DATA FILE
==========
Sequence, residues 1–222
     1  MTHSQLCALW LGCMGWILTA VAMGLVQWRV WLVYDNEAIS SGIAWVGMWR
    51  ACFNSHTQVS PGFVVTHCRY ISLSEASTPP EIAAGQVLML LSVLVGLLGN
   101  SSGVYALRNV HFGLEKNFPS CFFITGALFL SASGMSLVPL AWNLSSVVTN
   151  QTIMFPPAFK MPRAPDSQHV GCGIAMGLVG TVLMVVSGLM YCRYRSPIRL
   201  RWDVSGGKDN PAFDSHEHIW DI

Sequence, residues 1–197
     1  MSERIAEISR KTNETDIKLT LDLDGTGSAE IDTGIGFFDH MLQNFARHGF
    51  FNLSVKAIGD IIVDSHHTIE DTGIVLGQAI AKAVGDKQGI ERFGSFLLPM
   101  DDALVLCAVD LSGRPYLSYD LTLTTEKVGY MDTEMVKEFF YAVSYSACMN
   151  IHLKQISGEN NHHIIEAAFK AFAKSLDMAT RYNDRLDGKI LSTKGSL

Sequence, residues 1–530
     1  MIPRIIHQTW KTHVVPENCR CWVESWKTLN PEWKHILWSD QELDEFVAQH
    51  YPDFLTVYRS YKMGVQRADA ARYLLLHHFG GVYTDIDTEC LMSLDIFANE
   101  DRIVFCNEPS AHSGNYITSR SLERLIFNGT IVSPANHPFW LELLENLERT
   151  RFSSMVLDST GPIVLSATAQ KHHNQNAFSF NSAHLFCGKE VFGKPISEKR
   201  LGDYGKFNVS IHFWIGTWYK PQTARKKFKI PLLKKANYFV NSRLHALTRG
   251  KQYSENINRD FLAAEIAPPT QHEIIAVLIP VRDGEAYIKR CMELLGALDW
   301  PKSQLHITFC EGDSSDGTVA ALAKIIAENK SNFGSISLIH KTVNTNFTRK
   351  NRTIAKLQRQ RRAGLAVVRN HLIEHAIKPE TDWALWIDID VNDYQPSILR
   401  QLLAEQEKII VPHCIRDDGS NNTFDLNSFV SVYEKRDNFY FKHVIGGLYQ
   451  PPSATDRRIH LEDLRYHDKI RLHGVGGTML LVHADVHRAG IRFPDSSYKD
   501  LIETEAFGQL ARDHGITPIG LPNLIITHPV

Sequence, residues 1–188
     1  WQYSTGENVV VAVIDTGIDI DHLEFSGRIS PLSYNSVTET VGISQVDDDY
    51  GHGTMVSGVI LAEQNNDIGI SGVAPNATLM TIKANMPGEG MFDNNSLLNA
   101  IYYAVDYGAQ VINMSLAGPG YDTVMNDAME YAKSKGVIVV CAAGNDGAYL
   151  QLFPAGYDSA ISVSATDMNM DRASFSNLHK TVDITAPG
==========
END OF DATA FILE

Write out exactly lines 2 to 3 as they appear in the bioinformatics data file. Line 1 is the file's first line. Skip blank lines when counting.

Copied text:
     1  MTHSQLCALW LGCMGWILTA VAMGLVQWRV WLVYDNEAIS SGIAWVGMWR
    51  ACFNSHTQVS PGFVVTHCRY ISLSEASTPP EIAAGQVLML LSVLVGLLGN